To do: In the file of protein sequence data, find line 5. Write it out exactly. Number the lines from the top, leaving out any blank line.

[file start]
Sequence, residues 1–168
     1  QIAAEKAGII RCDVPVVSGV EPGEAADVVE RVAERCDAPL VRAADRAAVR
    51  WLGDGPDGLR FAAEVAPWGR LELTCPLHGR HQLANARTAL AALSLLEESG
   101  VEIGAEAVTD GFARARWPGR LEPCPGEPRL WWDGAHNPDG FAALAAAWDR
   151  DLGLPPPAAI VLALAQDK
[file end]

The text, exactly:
   151  DLGLPPPAAI VLALAQDK